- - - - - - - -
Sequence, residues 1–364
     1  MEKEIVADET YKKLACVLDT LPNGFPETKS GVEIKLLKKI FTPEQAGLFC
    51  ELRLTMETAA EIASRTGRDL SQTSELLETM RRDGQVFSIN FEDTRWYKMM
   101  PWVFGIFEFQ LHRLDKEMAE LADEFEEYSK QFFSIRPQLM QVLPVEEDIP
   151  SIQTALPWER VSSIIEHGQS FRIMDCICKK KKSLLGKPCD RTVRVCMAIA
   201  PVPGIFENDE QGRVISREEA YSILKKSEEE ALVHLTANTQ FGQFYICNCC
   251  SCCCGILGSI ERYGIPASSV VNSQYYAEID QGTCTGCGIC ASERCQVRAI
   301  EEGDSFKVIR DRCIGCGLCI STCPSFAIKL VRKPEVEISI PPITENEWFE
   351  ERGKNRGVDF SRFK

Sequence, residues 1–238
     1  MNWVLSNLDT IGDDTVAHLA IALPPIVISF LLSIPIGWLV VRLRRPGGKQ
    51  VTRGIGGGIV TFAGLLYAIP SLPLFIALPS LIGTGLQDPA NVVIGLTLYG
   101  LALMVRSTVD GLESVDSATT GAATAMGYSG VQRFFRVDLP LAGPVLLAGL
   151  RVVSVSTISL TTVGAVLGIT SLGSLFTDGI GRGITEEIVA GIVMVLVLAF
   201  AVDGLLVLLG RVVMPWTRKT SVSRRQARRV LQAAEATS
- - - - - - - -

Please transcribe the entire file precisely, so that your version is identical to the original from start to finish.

Sequence, residues 1–364
     1  MEKEIVADET YKKLACVLDT LPNGFPETKS GVEIKLLKKI FTPEQAGLFC
    51  ELRLTMETAA EIASRTGRDL SQTSELLETM RRDGQVFSIN FEDTRWYKMM
   101  PWVFGIFEFQ LHRLDKEMAE LADEFEEYSK QFFSIRPQLM QVLPVEEDIP
   151  SIQTALPWER VSSIIEHGQS FRIMDCICKK KKSLLGKPCD RTVRVCMAIA
   201  PVPGIFENDE QGRVISREEA YSILKKSEEE ALVHLTANTQ FGQFYICNCC
   251  SCCCGILGSI ERYGIPASSV VNSQYYAEID QGTCTGCGIC ASERCQVRAI
   301  EEGDSFKVIR DRCIGCGLCI STCPSFAIKL VRKPEVEISI PPITENEWFE
   351  ERGKNRGVDF SRFK

Sequence, residues 1–238
     1  MNWVLSNLDT IGDDTVAHLA IALPPIVISF LLSIPIGWLV VRLRRPGGKQ
    51  VTRGIGGGIV TFAGLLYAIP SLPLFIALPS LIGTGLQDPA NVVIGLTLYG
   101  LALMVRSTVD GLESVDSATT GAATAMGYSG VQRFFRVDLP LAGPVLLAGL
   151  RVVSVSTISL TTVGAVLGIT SLGSLFTDGI GRGITEEIVA GIVMVLVLAF
   201  AVDGLLVLLG RVVMPWTRKT SVSRRQARRV LQAAEATS